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General Practitioners

Volume 488: debated on Monday 23 February 2009

To ask the Secretary of State for Health what accountability provisions there are for GPs in the new contract; what requirements there are for GPs to provide explanations for instances where (a) misdiagnosis and (b) other forms of mistreatment have occurred; and who is responsible for ensuring that such requirements are met. (254217)

It is for primary care trusts (PCTs) to ensure that those providing NHS primary medical services meet the terms of their contract. There are requirements for those contracts set out in the National Health Service (General Medical Services Contracts) Regulations 2004, the National Health Service (Personal Medical Services Agreements) Regulations 2004 and the National Health Service Act 2006: Alternative Provider Medical Services Directions 2008. Where a contractor fails to comply with the terms of their contract, the PCT may issue a remedial notice giving the contractor a specified time within which the concerns should be remedied. Where the contractor takes no steps to remedy the matter, the PCT may terminate the contract. In certain circumstances, the PCT may impose sanctions on the contractor.

There are no contractual requirements for general practitioners (GPs) or GP practices to provide explanation for instances where misdiagnosis and other forms of mistreatment have occurred.

Under the terms of their contract, GPs are obliged to operate a complaints procedure which allows patients to raise concerns about any matter connected to the provision of services under the contract. Under this procedure, all complaints must be properly investigated and the complainant given a written summary of the investigation and its conclusions. There are also requirements set out in the regulations and directions referred to regarding the qualification of persons who perform services, conditions for employment and engagement of those persons, training, level of skill, appraisal and assessment.

Professional guidance published by the General Medical Council (GMC) includes an obligation for doctors to share with patients, in a way they can understand, the information they want or need to know about their condition, its likely progression, and the treatment options available to them, including associated risks and uncertainties and to respond to patients’ questions and keep them informed about the progress of their care.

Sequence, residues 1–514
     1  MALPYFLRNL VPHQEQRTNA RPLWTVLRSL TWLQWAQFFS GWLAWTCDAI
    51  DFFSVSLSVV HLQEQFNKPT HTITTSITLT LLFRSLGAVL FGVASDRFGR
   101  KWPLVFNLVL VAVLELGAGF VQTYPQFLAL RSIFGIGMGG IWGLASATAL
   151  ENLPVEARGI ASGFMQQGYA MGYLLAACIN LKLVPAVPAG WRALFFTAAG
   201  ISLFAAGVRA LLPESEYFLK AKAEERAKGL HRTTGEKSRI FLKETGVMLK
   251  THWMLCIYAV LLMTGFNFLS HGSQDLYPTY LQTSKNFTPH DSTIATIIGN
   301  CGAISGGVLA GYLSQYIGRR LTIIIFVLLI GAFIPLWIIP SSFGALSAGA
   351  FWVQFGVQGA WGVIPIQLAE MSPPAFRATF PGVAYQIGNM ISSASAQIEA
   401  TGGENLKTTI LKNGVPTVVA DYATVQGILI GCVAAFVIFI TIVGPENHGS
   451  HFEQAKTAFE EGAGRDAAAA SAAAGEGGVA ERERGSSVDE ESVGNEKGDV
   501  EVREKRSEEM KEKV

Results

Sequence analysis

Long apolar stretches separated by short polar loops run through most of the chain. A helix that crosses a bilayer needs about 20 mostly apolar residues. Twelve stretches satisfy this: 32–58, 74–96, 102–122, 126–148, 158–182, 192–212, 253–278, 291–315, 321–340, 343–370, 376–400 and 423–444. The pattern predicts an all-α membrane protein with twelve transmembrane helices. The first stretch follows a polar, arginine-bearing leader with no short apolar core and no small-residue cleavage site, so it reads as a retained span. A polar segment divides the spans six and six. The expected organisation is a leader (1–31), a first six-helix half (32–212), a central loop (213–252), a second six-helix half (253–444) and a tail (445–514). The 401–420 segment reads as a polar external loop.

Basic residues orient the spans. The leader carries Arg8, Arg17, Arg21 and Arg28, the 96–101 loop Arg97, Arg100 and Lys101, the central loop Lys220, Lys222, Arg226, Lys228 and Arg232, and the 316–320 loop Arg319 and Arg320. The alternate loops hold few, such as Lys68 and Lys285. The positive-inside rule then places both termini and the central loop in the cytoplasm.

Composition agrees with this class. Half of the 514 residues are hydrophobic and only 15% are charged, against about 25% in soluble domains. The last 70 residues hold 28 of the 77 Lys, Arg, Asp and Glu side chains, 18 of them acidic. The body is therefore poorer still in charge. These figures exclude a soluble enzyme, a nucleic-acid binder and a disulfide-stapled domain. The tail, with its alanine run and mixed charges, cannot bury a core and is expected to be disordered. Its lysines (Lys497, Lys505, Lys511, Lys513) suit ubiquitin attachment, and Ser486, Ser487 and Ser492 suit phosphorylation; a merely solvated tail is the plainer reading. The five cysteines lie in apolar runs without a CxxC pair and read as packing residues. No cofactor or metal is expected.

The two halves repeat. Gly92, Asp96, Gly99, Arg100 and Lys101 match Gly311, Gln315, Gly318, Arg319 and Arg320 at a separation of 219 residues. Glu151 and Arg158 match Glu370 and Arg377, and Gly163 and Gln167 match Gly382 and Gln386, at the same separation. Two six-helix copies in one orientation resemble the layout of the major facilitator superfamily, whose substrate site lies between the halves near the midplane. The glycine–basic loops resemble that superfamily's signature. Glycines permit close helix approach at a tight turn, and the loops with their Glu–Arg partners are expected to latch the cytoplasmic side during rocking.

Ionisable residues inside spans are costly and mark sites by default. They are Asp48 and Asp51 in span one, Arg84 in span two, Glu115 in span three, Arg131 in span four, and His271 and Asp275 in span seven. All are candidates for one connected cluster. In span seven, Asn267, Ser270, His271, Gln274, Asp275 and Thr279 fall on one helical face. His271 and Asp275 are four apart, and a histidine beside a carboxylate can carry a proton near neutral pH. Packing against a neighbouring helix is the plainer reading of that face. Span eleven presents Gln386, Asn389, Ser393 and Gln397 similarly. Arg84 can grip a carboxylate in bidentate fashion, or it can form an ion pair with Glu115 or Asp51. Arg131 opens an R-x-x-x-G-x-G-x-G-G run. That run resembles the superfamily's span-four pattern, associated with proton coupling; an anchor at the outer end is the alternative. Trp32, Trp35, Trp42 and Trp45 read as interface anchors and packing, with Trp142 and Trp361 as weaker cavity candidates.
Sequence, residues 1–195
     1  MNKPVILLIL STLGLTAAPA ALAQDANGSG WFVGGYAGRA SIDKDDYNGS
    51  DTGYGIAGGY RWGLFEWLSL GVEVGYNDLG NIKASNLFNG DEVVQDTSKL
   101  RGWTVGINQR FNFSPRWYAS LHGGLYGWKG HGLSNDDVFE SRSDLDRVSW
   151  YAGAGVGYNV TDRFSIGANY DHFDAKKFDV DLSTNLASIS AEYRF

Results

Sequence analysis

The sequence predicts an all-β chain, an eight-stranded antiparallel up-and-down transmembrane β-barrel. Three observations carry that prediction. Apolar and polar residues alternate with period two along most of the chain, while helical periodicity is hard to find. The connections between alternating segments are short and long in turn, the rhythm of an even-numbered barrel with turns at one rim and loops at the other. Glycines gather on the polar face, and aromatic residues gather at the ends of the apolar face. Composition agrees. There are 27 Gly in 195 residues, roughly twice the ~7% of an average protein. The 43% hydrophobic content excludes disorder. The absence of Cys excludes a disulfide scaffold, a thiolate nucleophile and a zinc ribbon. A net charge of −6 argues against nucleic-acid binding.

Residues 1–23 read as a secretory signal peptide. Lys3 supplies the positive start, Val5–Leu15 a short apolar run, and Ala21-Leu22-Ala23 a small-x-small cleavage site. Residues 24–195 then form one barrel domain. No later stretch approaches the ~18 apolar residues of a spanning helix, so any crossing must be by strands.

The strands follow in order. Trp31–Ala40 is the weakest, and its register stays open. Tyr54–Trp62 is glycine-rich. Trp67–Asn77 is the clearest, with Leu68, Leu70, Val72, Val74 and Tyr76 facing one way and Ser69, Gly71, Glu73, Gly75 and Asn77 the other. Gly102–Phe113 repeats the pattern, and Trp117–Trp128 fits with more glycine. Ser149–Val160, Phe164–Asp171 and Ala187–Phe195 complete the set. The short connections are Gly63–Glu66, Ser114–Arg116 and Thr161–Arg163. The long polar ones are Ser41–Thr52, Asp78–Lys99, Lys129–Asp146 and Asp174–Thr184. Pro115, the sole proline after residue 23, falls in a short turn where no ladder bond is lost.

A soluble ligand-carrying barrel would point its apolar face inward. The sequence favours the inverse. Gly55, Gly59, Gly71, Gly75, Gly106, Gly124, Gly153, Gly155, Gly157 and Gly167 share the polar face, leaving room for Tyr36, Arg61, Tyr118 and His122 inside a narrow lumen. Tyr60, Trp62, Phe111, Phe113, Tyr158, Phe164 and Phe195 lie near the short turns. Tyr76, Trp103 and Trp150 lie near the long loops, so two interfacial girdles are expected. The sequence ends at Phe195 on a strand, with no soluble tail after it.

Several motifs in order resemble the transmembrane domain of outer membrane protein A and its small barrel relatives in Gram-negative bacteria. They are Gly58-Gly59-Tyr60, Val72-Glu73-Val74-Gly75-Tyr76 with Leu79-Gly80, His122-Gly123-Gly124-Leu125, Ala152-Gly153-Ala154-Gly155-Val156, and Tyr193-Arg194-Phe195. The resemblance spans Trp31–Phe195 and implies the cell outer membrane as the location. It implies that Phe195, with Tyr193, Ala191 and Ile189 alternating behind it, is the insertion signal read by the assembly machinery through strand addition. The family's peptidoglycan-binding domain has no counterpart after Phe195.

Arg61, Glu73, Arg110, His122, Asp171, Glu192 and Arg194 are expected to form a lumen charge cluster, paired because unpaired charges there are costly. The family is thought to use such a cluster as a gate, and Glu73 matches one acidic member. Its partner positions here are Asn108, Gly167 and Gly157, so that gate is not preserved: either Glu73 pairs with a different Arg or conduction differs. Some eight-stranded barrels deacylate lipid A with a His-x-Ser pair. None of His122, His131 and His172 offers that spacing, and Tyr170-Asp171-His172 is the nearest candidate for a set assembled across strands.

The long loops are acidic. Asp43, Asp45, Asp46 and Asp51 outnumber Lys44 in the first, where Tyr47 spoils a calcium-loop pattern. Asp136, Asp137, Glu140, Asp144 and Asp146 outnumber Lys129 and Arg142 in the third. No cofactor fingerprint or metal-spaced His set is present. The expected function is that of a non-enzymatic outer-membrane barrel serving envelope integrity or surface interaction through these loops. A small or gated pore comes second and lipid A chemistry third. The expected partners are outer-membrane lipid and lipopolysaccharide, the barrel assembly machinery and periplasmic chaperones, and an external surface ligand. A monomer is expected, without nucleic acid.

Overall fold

The Quality and Outcomes Framework (QOF), which rewards GP practices for achieving quality indicators, includes an indicator (Education 4) to reward practices for undertaking a minimum of 12 significant event reviews in the last three years. A significant event occurs when a patient may have been subjected to harm, had the circumstances/outcome been different (near miss). Each review case must consist of a short commentary setting out the relevant history, the circumstances of the episode and an analysis of the conclusions to be drawn. The practice is required to report to the PCT on its analysis and the PCT is expected to discuss the reviews as part of its QOF assessment visit.

The National Patient Safety Agency (NPSA) has developed a form to help health care staff report patient safety incidents. These are any unintended or unexpected incidents which could have or did lead to harm for one or more patients receiving NHS-funded health care. NPSA recommend that it should be used as soon as possible after the incident has happened.

Subject to the outcome of consultation, it is planned that the Care Quality Commission will register all GP practices to a consistent set of essential quality and safety criteria. Registration of primary care practices would help both to drive up the quality of practice-level clinical governance and to enable PCTs to concentrate on overseeing a small number of poor-quality practices.